Although archaeology is often associated with dinosaur fossils and sarcophagi, museums only hold a small portion of the artifacts unearthed over the past few centuries. For Max Lopez ’15, who’s currently working as a teaching assistant at a summer field school in British Columbia, “it’s the day-to-day kind of stuff that really gets [him] going, the smaller stuff that tells a story everyone can relate to.” It is these types of discoveries he hopes to make, leading him to pursue a Masters of Archaeology at Cambridge University beginning in the fall.
Although Lopez, an archaeology major and Chinese minor, completed his first field project in 2013, his interest began when he was young: “I’ve been digging and collecting garbage from the ground since I was very small,” he joked. “More recently, however, I've worked on the Slocan Narrows Archeological Project (SNAP) in British Columbia and completed digs in Western Ireland while studying abroad,” he added.
Hometown: Montclair, N.J.
High School: Montclair High School
Lopez’s thesis, “Three-Dimensional Modeling in Archaeological Interpretation: A Case Study from the Pacific Northwest,” focused on his work with SNAP. He described the project: “Essentially, I built a 3-D model of a 2,700 year old pithouse, an ancient subterranean dwelling, and simulated how daylight and light from central fire hearths would have affected inhabitants senses.” This type of work is particularly interesting to him because “interacting with past people through their material remains gives a great deal of perspective, similar to the kind gained when traveling somewhere new,” he stated.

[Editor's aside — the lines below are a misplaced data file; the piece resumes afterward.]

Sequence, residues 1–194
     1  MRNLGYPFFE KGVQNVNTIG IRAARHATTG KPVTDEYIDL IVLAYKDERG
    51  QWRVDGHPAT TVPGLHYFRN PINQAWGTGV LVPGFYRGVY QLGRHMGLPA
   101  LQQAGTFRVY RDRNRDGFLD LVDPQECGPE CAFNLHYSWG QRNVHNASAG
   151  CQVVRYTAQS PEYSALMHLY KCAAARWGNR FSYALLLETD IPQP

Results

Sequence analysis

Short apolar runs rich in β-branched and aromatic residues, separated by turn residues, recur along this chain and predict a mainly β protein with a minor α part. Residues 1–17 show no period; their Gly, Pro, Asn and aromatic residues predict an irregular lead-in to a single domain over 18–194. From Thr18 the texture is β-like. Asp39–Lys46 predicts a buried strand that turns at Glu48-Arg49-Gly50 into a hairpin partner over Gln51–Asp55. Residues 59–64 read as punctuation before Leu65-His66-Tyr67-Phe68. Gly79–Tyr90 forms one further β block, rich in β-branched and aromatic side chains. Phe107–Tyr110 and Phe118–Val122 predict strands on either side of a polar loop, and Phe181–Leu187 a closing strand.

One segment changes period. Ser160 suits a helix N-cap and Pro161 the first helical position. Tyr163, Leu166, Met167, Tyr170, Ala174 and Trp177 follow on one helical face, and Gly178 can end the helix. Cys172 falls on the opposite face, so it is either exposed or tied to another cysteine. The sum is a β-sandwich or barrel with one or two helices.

Lopez is thankful to Hamilton for “affording [him] the opportunity to start working with professors on their research early on, something not possible at bigger research schools with graduate students;” something that helped him hone his interest and skills before applying. “I also became very close with my Professor Nathan Goodale, who has been a constant mentor,” he added. Lopez hopes to either work in cultural resource management or become a professor himself after completing school.
For others who are similarly interested, Lopez suggests getting started as soon as possible; “it has helped to make life much easier by having a long term goal and plan, not to mention the importance of applying to graduate schools early, as many funding deadlines come before regular deadlines.” Beyond the convenience of his family living in London, Lopez noted that schools in the United Kingdom don't require GRE scores, which he considers a bonus.